> I haven’t tried to read (and don’t have the education to understand technically) what is in Smith’s charges of trump, and even Humpty-Dumpty aside, I don’t know how their specific language would interact in law with the language of the 14th.  But until there is some federal commitment on the charges that are currently indicted, I don’t see how any substantive conversation on any of that gets anywhere.  If he should get convicted of some palette of the charges, and some court should decide that those charges are suitably close to what the constitution wants in terms like “insurrection”, and they throw him off, that’s fine with me.  Or of there is some legal argument that you have to have actually been a general in a bona fide war to count as an insurrectionist, that would be a shame to have to let it go so far, but I could listen to why it is argued that way and try to decide whether there is some protection in such leeway that I can understand.  trump is not that important in a long-term sense (though even sudden cardiac death only lasts a few minutes, and yet has certain long-term impacts), and keeping him out by the vote long enough that he dies of MacDonalds also doesn’t solve the problem of the run to fascism in the U.S., which is very obviously a social phenomenon even if it includes institutional assistance.  But I guess to return to the theme at the start: there is some notion of a worldview upheld by some minimal set of planks of basic sanity, and if everything is just left to drift until none of those remain, we have much less to work with than the naturally-selected norms of wild animal populations to underpin life.  To just watch that happen and do nothing seems blame-worthy.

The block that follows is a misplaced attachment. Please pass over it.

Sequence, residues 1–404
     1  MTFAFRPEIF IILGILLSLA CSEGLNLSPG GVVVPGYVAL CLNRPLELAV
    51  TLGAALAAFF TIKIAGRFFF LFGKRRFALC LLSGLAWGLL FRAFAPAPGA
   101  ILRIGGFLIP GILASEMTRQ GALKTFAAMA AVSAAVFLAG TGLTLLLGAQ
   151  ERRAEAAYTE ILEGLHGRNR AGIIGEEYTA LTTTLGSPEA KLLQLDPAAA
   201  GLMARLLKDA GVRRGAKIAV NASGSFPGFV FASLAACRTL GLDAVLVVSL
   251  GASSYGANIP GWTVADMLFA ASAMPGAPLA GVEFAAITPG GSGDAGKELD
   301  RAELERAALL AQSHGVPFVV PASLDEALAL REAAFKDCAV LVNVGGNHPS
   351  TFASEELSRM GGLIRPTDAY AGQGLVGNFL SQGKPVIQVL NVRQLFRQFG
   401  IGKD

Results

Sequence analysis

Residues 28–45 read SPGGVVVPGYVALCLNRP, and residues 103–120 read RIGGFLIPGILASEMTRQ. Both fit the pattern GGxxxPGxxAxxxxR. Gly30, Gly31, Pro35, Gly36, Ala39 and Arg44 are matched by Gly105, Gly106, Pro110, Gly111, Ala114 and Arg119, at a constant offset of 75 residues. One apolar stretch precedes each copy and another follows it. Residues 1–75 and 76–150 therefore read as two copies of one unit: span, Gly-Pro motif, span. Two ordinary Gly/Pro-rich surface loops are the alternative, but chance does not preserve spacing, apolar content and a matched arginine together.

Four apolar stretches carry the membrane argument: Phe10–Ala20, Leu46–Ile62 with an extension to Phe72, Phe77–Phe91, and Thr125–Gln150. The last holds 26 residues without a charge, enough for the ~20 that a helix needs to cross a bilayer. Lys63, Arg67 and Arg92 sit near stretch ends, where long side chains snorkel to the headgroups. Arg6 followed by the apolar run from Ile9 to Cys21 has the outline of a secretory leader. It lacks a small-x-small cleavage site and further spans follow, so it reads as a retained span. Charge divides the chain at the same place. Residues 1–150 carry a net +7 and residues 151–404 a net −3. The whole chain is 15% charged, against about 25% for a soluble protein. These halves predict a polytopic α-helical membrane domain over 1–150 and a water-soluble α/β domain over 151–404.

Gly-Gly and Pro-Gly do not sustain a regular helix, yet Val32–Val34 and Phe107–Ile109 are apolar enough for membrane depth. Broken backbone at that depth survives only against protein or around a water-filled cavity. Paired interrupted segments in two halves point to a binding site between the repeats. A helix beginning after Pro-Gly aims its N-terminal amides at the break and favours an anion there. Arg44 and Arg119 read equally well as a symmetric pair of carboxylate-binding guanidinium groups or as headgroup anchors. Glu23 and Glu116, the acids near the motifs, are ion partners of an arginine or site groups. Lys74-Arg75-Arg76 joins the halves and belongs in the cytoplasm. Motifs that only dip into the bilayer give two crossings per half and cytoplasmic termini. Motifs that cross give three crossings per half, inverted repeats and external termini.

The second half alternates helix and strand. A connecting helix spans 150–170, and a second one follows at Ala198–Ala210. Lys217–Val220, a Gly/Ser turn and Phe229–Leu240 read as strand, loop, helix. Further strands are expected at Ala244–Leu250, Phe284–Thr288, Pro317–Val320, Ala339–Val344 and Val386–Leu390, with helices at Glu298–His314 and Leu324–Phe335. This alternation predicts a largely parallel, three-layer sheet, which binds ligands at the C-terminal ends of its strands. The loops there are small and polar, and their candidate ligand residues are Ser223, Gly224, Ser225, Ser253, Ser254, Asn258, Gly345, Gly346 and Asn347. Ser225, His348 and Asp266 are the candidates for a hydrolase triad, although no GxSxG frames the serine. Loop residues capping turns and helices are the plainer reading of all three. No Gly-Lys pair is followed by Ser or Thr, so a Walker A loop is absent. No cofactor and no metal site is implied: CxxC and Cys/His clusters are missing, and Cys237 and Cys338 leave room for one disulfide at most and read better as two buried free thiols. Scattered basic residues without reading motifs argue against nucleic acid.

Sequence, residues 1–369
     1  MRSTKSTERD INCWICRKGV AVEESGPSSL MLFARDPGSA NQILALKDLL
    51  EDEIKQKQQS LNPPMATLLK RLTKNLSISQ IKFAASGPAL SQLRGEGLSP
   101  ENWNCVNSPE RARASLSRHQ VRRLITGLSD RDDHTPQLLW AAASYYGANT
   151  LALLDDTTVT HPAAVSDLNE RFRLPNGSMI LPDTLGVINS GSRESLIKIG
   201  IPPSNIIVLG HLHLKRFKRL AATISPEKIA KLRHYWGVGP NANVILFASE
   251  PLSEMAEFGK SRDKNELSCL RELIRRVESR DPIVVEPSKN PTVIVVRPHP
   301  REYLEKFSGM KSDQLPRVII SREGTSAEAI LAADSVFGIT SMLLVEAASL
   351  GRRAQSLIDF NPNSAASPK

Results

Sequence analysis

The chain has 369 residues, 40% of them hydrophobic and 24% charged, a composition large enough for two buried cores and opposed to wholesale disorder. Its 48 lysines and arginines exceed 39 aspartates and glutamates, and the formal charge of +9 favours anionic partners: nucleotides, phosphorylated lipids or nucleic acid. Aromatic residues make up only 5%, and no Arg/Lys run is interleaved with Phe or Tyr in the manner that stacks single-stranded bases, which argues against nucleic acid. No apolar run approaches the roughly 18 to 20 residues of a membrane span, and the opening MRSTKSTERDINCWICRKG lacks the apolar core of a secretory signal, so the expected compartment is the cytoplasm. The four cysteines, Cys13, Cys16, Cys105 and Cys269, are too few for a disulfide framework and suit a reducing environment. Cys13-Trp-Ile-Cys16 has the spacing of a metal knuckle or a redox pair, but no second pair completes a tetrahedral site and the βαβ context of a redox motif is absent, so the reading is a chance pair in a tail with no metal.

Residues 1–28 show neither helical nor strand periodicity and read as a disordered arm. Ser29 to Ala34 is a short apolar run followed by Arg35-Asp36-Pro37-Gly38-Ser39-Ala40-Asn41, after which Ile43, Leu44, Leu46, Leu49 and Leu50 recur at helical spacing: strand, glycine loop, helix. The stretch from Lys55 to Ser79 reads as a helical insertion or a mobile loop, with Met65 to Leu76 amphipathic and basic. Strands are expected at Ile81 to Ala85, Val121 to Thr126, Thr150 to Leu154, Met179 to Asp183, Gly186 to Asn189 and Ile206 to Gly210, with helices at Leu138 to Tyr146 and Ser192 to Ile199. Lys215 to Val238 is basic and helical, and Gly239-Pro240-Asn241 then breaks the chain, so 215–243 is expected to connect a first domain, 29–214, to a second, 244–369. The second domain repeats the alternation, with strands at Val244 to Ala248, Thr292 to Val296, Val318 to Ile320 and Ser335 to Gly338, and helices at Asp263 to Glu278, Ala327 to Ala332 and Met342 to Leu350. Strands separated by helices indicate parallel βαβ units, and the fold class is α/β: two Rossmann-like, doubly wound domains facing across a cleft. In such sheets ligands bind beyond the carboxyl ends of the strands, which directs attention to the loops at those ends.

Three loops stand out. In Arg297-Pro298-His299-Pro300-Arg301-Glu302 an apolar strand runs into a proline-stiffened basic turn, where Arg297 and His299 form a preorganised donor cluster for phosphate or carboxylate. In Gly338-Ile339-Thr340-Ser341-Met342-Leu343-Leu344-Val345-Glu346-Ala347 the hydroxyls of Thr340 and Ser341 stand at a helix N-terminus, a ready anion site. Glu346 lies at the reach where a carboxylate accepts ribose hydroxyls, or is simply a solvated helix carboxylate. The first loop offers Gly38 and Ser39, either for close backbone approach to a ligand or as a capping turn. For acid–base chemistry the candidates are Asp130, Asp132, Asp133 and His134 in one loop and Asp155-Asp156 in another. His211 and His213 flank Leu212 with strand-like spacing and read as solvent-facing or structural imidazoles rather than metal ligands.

> Eric
>> On Feb 29, 2024, at 10:07 AM, glen <gepropella at gmail.com> wrote:
>> This is exactly why Trump needs to stay on the ballot(s) and be defeated by a "normal" election. Every cry of Martyr is more fuel for the much smarter younger traitors waiting in the wings. Or, if he is elected again, those of us in a position to bolster whatever Rule of Law we have left will need support.
>> On 2/28/24 20:11, Roger Critchlow wrote:
>>> I went looking for depressing news in 1924, you know, lying politicians and cancerous social movements:
>>> April 1 <https://en.wikipedia.org/wiki/April_1>
>>>   * Adolf Hitler <https://en.wikipedia.org/wiki/Adolf_Hitler> is sentenced to 5 years in Landsberg Prison <https://en.wikipedia.org/wiki/Landsberg_Prison> in Germany for his participation in the 1923 <https://en.wikipedia.org/wiki/1923> Beer Hall Putsch <https://en.wikipedia.org/wiki/Beer_Hall_Putsch> (he serves less than 9 months).
>> -- 
>> ꙮ Mɥǝu ǝlǝdɥɐuʇs ɟᴉƃɥʇ' ʇɥǝ ƃɹɐss snɟɟǝɹs˙ ꙮ